The end of the global pandemic was supposed to be good news for the global aviation sector. While the lifting of restrictions on movement in most of the world (with some notable exceptions) has reignited global demand for travel.
The initial fears around the emergence of the Omicron variant appear to have subsided, providing reasons for optimism for the African aviation sector – a sector that has been disproportionately impacted by Omicron border closures. Borders have re-opened and capacity is returning to the market. According to data published by the African Airlines Association (“AFRAA”), intra-African connectivity reached 76% of pre-Covid levels in November 2021, increased to 80% in December, and is forecast to have fallen to 76% in January 2022. With the re-opening of routes, this is expected to rise into 2022.
Despite this, the industry now faces new challenges, principally in the form of rising oil prices.
Fuel prices represent one of the biggest inputs costs for any airline. It’s estimated that fuel makes up between 45% and 50% of a typical airline’s annual operating costs and hence a sharp rise in fuel prices can eat into typically tight profit margins.
Oil prices have risen above $100/bbl and are a world away from the depths of the lockdowns in April 2020 when US oil futures briefly traded at negative prices.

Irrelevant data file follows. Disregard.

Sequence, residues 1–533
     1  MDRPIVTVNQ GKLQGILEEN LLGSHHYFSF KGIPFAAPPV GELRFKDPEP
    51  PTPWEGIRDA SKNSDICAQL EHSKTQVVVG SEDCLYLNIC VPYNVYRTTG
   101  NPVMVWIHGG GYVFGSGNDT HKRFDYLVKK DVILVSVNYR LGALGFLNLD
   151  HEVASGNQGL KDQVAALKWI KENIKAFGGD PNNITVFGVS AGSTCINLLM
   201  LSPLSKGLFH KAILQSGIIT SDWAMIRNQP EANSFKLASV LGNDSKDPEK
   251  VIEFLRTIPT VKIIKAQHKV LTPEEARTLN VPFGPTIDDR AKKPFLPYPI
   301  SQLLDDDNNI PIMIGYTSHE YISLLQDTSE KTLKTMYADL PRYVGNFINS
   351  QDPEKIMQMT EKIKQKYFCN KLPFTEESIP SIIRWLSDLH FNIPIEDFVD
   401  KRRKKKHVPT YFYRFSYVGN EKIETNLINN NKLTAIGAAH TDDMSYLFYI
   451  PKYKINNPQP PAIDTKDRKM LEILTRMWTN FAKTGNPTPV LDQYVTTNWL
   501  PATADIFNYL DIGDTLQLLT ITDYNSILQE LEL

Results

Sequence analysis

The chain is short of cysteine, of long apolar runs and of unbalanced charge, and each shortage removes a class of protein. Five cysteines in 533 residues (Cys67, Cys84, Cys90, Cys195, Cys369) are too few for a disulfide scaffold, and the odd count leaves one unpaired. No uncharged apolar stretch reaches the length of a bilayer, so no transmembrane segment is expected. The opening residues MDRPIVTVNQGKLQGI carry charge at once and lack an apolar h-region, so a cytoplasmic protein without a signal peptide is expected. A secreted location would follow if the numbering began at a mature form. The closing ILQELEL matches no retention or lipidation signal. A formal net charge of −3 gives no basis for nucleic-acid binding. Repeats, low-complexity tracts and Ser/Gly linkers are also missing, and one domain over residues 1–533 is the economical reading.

This significant rise has a number of causes. At their heart, they reflect the very demand dynamics that are driving increased passenger volumes, namely the improved conditions that have lifted all forms of economic activity. However, they also reflect the tight supply conditions that plague many other sectors and are driving higher inflation in the major economies of the world.
However, they also reflect the global political relations, in particular the geopolitical tensions between Russia and the West. Russian attacks on Ukraine have caused further turmoil in financial markets.
“Because Russia is a major producer of gas and oil, markets remain concerned about the reliability of supplies particularly if an escalation in hostilities places supplies under threat,” notes Neel Jivan, from the commodities team at Investec Bank.
This has pushed up prices across the energy complex.